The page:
Learning Disabilities: Miscreant Brains, Pupils, and Practices

Defense Date


Graduation Date

Fall 1-1-2005



Submission Type


Degree Name



Clinical Psychology


McAnulty College and Graduate School of Liberal Arts

Committee Chair

Michael Sipiora

Committee Member

Paul Richer

Committee Member

Suzanne Barnard


brain, learning disabilities, neurophenomenology


Since the 1960s, learning disabilities (LD) classification assumed brain dysfunction, deficiencies in capacity, and processing deficit. Yet, many theorists noticed that the history of LD was fraught with poorly defined terms, over-diagnosis and faulty assumptions. While outside influences such as parenting or environmental toxins had been given consideration, more often than not LD was framed exclusively in neurological terms. Disability theorists and philosophers utilized socio-philosophical critiques to undermine LD's basic foundation, yet few addressed specifically how conceptions of perceiving, learning and thinking remained obdurately grounded in the predicated innately organized and ontogenetically structured brain. If the brain was the presumed cause of LD (and the site of a production of knowledge), then it seemed appropriate to dialogue with neuroscience while avoiding its essentialist claims.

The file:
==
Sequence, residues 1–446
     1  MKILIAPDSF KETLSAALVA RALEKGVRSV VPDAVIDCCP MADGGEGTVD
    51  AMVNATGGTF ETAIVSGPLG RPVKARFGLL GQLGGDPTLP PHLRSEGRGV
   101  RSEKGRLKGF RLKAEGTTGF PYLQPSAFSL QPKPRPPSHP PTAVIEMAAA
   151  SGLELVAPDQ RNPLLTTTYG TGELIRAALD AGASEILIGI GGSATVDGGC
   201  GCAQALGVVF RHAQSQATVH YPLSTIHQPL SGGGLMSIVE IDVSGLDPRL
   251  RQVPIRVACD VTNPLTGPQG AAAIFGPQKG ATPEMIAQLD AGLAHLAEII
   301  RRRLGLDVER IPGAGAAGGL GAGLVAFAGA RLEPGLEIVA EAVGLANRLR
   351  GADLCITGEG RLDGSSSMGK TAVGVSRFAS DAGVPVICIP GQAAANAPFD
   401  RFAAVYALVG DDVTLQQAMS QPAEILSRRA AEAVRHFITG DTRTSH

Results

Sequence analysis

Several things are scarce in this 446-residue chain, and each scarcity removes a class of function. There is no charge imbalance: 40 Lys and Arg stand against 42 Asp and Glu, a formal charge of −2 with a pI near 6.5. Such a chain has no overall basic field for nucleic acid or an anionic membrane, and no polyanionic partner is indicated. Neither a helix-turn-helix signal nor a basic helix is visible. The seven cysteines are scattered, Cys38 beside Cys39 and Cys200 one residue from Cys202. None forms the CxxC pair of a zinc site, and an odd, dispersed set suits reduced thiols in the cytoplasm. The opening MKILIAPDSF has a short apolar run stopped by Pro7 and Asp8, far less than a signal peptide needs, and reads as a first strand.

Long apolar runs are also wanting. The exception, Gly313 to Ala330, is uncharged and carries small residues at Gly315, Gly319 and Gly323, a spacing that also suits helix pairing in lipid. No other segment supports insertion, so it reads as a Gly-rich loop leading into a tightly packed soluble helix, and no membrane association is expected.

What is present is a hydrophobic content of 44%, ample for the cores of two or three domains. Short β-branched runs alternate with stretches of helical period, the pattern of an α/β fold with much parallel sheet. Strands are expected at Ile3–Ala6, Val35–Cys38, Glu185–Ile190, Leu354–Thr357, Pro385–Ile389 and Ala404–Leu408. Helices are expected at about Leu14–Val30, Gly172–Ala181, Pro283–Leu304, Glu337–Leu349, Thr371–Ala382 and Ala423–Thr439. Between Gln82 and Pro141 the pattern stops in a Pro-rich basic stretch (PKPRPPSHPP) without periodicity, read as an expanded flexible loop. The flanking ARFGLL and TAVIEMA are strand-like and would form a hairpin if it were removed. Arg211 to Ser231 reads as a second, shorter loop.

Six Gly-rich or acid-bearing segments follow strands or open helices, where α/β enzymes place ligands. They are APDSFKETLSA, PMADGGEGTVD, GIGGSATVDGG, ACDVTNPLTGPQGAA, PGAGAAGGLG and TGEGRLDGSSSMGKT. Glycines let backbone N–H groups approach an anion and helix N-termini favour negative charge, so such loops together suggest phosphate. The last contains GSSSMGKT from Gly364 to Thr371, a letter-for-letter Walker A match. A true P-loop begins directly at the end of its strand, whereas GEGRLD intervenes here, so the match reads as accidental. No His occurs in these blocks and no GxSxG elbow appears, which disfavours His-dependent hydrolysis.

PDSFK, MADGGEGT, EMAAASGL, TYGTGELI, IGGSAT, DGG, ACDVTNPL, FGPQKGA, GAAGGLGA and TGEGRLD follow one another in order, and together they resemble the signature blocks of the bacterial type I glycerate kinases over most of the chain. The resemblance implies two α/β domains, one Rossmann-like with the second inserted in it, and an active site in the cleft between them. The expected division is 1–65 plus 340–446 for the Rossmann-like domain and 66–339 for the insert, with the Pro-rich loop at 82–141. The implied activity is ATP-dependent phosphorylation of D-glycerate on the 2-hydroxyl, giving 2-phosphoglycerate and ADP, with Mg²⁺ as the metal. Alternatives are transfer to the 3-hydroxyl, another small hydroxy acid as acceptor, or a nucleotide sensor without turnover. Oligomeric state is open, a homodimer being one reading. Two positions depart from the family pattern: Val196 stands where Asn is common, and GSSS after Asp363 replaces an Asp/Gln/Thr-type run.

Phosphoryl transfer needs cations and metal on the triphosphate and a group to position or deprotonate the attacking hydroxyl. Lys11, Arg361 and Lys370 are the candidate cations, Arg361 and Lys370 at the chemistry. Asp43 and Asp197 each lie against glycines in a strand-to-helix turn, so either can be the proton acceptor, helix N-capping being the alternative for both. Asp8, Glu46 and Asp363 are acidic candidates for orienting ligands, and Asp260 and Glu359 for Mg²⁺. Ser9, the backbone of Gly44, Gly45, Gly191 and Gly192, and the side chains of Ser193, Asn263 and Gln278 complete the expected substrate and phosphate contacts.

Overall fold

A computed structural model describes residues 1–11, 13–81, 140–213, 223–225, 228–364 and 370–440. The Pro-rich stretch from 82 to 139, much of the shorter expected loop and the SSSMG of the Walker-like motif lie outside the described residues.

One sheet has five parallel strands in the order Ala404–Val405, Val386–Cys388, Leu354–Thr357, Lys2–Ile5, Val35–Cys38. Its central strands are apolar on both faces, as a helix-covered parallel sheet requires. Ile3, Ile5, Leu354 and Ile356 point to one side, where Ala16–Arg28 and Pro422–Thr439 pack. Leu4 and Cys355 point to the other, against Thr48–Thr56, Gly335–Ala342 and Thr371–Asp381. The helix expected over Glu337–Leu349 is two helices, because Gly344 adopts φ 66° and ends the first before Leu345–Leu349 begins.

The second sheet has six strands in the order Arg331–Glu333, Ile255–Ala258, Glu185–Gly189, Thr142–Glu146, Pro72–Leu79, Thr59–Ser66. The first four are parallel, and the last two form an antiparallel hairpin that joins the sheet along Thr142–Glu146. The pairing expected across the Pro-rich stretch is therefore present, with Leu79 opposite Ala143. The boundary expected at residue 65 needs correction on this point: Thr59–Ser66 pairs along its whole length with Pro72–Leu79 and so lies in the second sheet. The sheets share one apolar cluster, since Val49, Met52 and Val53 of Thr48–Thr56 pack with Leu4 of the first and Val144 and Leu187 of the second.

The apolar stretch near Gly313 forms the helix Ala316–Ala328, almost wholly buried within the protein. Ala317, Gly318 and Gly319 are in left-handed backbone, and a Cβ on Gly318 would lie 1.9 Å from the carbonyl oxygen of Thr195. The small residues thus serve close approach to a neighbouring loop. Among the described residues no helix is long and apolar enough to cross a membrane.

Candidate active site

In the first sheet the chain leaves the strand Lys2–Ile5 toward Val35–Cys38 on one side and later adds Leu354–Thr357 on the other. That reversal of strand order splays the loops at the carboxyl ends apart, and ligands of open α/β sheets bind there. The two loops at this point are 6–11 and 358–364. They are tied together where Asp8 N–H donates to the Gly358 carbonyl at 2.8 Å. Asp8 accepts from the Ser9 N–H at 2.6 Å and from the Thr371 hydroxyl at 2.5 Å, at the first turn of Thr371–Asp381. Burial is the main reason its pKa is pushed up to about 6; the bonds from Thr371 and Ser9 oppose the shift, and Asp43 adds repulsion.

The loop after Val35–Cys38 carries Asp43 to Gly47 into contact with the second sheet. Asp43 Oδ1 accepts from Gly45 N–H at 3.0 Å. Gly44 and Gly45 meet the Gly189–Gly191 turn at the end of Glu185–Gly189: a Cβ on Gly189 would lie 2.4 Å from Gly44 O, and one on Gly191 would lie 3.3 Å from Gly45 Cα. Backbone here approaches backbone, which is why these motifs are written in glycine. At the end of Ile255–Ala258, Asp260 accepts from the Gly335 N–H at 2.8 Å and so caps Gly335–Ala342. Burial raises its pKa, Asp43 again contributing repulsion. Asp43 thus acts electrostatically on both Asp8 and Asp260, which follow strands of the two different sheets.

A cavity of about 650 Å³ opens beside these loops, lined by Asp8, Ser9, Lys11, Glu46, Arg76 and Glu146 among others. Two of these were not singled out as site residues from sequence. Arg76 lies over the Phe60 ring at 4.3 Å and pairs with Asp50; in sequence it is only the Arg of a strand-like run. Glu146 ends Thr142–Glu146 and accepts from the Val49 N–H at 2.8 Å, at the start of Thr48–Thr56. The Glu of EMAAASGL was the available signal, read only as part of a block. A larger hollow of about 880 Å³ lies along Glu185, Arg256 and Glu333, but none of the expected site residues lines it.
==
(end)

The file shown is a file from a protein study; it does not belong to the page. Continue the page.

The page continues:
Through a metabletic historical phenomenology of significant social spaces, brain space was interpreted as socially organized--itself a social space. Then, a genealogical historical phenomenology located the institutionally instruct-able subject (educable by virtue of the right structure inside the brain). The in-structable subject subsequently was seen as learning abled based upon brain organization while the un-in-structable subject was seen as disabled based upon brain disorganization. Through a deconstructive neurophenomenological description of the brain and learning, a dis-enclosed and dis-organized brain resistant to age old assumptions about learning was discovered. It was hoped that the aforementioned will make room for a liberatory pedagogy and curriculum that attends to, and values, the flows of differences in all learning.





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